Profile PhotoMark Floerke
Keymaster
@independant-consultant
Post count: 223

Hi Kimberly,
For the egg whites, yes. In development we use powder as a commercial bakery will not likely have liquid egg white. The reconstitution ratio is 7:1 water to powder. 10g egg white powder will be replaced by 80g fresh egg white, and water reduced by 70g. For reference 1 fresh egg white from a large egg is on average 30g.

For replacing the baking powder with baking soda, it will depend on what you use for leavening acid in the formula. You can use cream of tartar or some other acid or phosphate, even lemon juice if need be. Most baking powders are about 1/3 baking soda.

The sorghum syrup is the big one. You could try contacting Bries Malting for a sample. I stumbled on it, so to speak, at the RCA expo in 2019. Barley syrup or malted barely is ideal for dough fermentation as it has amylase and protease activity. These enzymes reduce the complex carbohydrate starches to fermentable sugars to feed the yeast. Barely however does contain some gliadin and therefore is not gluten free. The sorghum syrup has a combination of some simple sugars, and a little enzyme activity. Having said all of this, honey does have some invertase, to reduce sucrose, but no enzymes to reduce starches. In the end you’ll have to try it. I have found adding some sugar and water with the yeast to make a slurry starter and let it bloom first helps. With all the starch in GF recipes, best results and fermentation are with sorghum syrup.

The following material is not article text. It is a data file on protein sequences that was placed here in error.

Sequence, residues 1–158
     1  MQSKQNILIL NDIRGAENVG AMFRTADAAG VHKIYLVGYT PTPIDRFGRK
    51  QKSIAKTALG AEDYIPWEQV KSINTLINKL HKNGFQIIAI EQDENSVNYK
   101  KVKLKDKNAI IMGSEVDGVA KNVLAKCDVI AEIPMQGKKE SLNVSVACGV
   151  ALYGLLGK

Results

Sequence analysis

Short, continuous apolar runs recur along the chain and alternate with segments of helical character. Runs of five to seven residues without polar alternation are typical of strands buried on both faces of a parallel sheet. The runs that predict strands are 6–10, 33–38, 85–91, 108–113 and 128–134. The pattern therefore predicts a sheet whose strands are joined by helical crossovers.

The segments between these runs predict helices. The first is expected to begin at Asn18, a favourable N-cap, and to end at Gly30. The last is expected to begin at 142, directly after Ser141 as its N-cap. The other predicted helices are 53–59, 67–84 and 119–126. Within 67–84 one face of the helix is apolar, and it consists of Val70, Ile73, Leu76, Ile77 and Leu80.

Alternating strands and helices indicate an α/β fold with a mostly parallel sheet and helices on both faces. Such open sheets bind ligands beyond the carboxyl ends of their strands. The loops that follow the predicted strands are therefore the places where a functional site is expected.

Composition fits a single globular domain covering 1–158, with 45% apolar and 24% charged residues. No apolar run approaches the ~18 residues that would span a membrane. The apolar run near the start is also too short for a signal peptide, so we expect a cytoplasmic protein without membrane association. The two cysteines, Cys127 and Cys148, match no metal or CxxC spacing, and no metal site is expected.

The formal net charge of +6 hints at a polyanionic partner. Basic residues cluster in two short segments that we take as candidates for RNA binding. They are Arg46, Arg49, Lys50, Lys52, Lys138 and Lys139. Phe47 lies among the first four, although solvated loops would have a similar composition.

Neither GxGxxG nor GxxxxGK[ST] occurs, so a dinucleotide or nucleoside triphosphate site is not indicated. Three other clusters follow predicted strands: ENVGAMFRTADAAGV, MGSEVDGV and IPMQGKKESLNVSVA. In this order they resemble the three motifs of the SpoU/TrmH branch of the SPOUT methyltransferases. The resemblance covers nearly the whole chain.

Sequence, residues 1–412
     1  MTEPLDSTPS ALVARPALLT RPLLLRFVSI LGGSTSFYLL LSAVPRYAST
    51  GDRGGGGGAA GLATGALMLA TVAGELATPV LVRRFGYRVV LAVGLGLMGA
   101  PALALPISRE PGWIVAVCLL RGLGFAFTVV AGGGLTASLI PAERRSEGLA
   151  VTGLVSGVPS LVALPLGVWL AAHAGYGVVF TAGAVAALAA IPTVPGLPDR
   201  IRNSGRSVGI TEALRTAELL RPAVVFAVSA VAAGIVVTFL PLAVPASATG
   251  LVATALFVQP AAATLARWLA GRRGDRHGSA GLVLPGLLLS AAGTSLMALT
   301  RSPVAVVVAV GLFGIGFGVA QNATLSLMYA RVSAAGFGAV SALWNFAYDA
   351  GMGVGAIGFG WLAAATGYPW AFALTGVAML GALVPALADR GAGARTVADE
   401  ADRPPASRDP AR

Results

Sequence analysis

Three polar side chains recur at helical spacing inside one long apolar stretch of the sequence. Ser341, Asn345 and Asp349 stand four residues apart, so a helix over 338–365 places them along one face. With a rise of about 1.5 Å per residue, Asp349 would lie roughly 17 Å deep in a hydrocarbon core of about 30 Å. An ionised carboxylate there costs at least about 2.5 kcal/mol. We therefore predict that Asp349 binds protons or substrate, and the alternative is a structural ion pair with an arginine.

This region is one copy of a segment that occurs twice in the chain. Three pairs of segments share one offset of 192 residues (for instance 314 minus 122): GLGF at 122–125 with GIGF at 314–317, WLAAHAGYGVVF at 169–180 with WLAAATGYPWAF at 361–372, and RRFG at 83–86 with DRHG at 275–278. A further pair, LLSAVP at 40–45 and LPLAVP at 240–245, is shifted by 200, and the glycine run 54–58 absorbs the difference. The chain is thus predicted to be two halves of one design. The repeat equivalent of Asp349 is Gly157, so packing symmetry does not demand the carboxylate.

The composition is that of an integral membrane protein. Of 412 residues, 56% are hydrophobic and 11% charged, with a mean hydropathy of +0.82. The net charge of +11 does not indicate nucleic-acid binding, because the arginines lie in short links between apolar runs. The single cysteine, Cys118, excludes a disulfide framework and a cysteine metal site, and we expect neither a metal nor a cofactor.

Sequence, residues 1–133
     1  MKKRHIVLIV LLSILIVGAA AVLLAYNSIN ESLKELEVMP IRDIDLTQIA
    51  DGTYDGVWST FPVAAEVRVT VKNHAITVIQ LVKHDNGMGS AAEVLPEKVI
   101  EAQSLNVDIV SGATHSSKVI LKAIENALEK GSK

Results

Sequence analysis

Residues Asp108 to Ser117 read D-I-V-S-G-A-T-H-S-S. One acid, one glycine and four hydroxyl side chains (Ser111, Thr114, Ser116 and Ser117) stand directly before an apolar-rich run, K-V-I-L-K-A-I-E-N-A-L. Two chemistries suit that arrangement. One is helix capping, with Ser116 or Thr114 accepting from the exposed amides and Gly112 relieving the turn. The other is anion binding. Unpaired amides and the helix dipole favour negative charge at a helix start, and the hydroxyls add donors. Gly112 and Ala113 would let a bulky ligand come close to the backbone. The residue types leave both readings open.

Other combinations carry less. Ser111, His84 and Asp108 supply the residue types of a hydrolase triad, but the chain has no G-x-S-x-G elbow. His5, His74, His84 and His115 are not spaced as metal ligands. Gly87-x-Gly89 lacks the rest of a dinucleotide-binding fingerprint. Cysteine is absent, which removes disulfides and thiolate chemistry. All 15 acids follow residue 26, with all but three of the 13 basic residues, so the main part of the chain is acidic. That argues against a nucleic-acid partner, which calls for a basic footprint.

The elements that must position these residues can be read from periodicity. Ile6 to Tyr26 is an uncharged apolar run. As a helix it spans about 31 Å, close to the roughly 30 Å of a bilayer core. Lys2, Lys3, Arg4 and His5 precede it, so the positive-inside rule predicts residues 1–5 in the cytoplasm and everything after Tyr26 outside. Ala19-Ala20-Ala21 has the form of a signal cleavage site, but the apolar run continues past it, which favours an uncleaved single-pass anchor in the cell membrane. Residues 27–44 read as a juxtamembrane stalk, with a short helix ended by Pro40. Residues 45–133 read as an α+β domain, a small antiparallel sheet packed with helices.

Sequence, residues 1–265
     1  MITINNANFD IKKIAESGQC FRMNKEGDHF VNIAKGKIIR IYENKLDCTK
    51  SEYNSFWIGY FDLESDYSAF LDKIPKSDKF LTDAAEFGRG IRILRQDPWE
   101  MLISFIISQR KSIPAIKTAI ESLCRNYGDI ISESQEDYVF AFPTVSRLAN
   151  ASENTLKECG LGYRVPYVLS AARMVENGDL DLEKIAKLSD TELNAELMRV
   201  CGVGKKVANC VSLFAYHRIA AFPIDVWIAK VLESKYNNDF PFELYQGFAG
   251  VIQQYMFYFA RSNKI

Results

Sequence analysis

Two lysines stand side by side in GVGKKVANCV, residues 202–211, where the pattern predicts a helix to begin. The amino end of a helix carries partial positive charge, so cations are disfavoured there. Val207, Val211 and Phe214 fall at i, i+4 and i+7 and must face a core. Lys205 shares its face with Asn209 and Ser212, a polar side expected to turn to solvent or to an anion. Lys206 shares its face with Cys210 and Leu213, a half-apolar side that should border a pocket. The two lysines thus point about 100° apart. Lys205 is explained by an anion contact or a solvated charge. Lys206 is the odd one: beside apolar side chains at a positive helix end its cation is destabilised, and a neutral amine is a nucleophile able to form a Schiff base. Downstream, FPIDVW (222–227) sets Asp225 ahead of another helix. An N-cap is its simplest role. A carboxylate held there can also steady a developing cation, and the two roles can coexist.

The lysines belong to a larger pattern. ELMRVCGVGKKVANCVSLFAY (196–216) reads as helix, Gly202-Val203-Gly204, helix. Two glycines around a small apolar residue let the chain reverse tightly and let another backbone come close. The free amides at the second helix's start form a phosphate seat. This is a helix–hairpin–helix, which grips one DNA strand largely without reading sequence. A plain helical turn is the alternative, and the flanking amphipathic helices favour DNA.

I have done tests where I could not get the dough to proof at all. Even double the yeast did not help. This is due to the starch lacking any enzymes. Wheat flour has some enzymes naturally present, and in the US malted barley flour is added, in Canada amylase enzymes are added to the flour.